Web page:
Sushi lovers will tell you that full-grown eels, called unagi, are pretty tasty. That’s why Sara Rademaker started raising baby eels a few years ago … in her basement near the coast of Maine.
“It was like dingy stones, a dirt floor and a glorified large aquarium with a couple of tanks,” she says. “And also we had butchered a pig. So that was hanging. It was quite the scene … with like an exposed light bulb.”
Each spring, Rademaker has watched as local fishers netted baby eels from Maine’s clean, cold rivers and sold them to unagi-loving Asian nations. Some years, those foreign importers pay thousands of dollars per pound, each one containing about 2,500 of the toothpick-thin, transparent wrigglers often referred to as “glass eels.”
The Asian buyers grow them to full-size, with the mature product fetching as much as 10 times the original purchase cost.
“Why not keep that value at home?” Rademaker thought, and started American Unagi, which appears to be the first commercial attempt in the U.S. to grow baby eels, indoors, to maturity and then market them to American buyers.
Last month, she took over an indoor “recirculating aquaculture system” at a University of Maine research center not far from Acadia National Park. It’s a small warehouse, with rows of shoulder-high circular green tanks, pumps and hoses — plus some proprietary technology that Rademaker is developing.
The tanks brim with wriggling eels, some thin as pencils, some fat as cigars.
“We’ve got thousands,” she says, smiling down almost fondly at her charges. “Thousands of fat little eels.”
Eels are actually fish, she explains, with fins and gills.
“If you look closely, they almost have puppy dog eyes, and a little smile, the way their jaw is shaped,” she says.
Rademaker drops in a pinch of microalgae and fish meal. She says the right feed is essential to the flavor and protein content that will make the eels marketable. They thrash around in the tank, eager for the food.
“That’s the sign of a happy eel: when they swarm and feed really excitedly, almost splashing the water,” she says.
These eels, like all Anguilla Rostrata, started out in the Sargasso Sea, off Bermuda.
“They spawn there,” she says. “And then when they hatch, they just drift on the currents. They don’t know if they’re going to land in the Caribbean or Canada.”
Or in a fisherman’s net at the mouth of a river in Maine.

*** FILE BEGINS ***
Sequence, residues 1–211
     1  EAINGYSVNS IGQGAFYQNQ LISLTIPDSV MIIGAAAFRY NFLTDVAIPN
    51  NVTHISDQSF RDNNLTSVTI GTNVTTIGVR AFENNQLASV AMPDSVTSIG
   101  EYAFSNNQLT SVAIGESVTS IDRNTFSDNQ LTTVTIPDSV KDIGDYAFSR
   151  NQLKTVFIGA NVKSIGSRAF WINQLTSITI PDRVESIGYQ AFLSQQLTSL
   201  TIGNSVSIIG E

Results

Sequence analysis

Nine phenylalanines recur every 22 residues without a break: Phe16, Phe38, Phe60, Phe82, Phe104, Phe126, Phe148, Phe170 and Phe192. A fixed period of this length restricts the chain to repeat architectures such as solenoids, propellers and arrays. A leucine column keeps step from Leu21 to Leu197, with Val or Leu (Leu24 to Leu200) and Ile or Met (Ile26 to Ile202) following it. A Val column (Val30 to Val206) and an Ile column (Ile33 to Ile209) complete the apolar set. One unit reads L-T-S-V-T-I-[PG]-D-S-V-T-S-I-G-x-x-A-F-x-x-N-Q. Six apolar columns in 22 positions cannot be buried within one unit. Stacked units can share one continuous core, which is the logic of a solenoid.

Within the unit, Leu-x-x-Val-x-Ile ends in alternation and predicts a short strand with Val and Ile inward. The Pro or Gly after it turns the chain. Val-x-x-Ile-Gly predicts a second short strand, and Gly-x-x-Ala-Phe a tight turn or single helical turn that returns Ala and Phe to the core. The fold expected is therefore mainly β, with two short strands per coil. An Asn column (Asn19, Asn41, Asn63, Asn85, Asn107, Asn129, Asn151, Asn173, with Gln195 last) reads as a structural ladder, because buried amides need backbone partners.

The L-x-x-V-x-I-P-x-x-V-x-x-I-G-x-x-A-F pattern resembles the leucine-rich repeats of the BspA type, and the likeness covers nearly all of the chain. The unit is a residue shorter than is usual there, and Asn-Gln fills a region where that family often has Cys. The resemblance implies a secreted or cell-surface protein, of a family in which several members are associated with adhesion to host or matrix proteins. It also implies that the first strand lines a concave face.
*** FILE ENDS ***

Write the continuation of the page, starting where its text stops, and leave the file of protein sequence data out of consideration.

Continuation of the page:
Wild eel populations are under stress worldwide, and many countries are restricting harvests. But Rademaker recently won federal permission for Maine’s elver fishers to exceed their annual quota by 200 pounds. Then she will raise them to maturity.
She hopes to sell 20,000 pounds this year. The question is: Who will eat all of that American unagi?
The patrons of Sammy’s Deluxe restaurant, in downtown Rockland, for one. Owner and chef Sam Richman doesn’t serve it up sushi-style though. Instead he smokes it, European-style.
“It honestly winds up tasting not dissimilar to a mild kielbasa or a mild bacon. It’s really juicy,” Richman says.
Customers are intrigued “because of the really great story of American unagi,” he says. “Everybody’s familiar with elvers and the value of that fishery … but haven’t really eaten them, so I think they’re eager to give it a try.”
They’ll be joining a growing world population that’s hungry for more and more seafood, and increasingly able to pay for it. And in the U.S., domestic supply is nowhere near meeting demand.
“We already import about 90 percent of our seafood,” says James Anderson, a former World Bank aquaculture advisor who directs the Institute for Sustainable Food Systems at the University of Florida. He says the U.S. needs to step up its efforts to bring aquaculture back home.
“In states like Maine, there’s been a lot of progress, but elsewhere it’s been almost no growth,” he says. “And we just have chosen as a nation to depend on imports.”
In Maine, Rademaker is doing her part to change the equation. She’s already lined up investors for a full-scale commercial facility.
“That’s our goal. This is a stepping stone to our commercial production,” she says. “We’re planning to be online next year.”
She says she can boost output more than tenfold — selling more than 250,000 pounds of eel in the U.S. next year at as much as 25 dollars a pound. For now, though, she’s barely even marketing this first crop of around 20,000 pounds — because she doesn’t want to create demand she can’t yet meet. Yet.
This story is part of Maine Public Radio’s series Aquaculture’s Next Wave, which explores how old ways of farming seafood are making way for new technologies, sparking opportunity — but also controversy. You can listen to the audio here.
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